Phil Dawson was a class act during his 14 years as the Cleveland Browns' kicker and he stayed that way as he left for the San Francisco 49ers. In a conference call that he requested to do with Cleveland-area media, Dawson chose not to stir up any trouble even though he probably could have done so.
When asked if the Browns had made a contract offer to him, Dawson sidestepped the question by saying, "I appreciate the interest in that, but I'm 100 percent moving forward, and that's just how I'm going to roll with this."
This is what we know: Dawson signed a one-year deal with the 49ers worth $2.25 million, which includes a $1 million signing bonus. So, here are the likely scenarios: either the Browns didn't make him an offer or they severely low-balled the most productive player of the expansion era Browns. Either way, the Browns wouldn't look good if Dawson confirmed that to reporters and fans.
The old regime paid Dawson $3.81 million last season with the franchise tag, but the new regime led by chief executive officer Joe Banner never seemed interested in keeping Dawson. There's always a chance Dawson wouldn't return for any Browns offer because he knew he had a better shot at winning a Super Bowl with San Francisco. But I just can't see that being the case after listening to Dawson say he wanted to finish his career with the Browns just nine months ago. He even acknowledged his goal was to become the Browns' all-time leader scorer back when he was competing for the kicking job in 1999.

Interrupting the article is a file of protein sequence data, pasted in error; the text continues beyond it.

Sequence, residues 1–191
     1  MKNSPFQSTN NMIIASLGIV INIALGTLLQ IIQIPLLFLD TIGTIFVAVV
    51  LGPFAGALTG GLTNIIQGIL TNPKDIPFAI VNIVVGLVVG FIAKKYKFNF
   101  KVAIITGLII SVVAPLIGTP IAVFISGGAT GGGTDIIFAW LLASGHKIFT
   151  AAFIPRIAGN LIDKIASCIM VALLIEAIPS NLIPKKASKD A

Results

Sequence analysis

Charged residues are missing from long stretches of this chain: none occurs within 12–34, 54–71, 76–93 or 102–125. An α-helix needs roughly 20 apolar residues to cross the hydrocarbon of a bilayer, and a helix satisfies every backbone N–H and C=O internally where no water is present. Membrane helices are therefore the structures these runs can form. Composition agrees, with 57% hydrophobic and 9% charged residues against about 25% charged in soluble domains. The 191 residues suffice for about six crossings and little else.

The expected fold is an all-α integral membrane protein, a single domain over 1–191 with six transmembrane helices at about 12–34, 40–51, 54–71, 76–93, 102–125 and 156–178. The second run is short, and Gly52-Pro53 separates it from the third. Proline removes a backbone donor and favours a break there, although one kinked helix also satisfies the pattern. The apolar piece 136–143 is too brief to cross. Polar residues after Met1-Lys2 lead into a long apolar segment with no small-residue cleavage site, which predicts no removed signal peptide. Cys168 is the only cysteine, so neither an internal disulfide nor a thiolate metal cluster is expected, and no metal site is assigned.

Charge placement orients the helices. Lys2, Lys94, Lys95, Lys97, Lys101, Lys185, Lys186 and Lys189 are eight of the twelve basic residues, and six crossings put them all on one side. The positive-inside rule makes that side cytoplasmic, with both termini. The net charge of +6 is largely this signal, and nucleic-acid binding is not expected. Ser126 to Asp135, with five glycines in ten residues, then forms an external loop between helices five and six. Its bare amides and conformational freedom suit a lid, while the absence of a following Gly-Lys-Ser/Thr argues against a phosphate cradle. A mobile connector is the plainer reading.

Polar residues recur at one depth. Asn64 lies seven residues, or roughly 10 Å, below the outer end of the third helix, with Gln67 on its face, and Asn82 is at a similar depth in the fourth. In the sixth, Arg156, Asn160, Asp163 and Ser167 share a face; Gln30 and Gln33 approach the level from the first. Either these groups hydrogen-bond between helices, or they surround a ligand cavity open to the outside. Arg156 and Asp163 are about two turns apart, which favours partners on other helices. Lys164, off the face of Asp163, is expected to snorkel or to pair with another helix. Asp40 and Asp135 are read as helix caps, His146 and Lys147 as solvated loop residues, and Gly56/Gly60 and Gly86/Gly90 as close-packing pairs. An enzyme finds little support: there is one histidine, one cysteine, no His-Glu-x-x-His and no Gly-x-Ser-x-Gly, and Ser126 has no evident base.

Dawson declined to address what would have happened if the Browns had matched the 49ers' offer. "If worms had guns, birds wouldn't eat 'em," Dawson said. "Once it became apparent San Francisco was legit, I got excited."
Dawson said he leaves with no regrets, even though he did come up 78 points shy of surpassing Lou Groza as the franchise's all-time leading scorer.
“He is Mr. Cleveland Brown," Dawson said of Groza. "It only seems right that he’s going to be the all-time leading scorer there."